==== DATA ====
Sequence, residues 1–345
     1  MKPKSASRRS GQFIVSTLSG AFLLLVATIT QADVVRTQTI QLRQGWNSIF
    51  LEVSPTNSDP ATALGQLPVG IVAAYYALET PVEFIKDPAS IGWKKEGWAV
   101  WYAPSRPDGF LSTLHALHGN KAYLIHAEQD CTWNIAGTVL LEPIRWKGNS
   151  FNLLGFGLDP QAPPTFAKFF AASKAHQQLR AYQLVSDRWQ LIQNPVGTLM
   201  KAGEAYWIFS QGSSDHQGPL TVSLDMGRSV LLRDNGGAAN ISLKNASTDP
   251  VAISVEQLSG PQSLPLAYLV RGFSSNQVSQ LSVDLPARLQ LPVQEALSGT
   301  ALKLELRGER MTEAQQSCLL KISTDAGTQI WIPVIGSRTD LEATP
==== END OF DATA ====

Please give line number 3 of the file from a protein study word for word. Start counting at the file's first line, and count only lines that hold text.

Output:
    51  LEVSPTNSDP ATALGQLPVG IVAAYYALET PVEFIKDPAS IGWKKEGWAV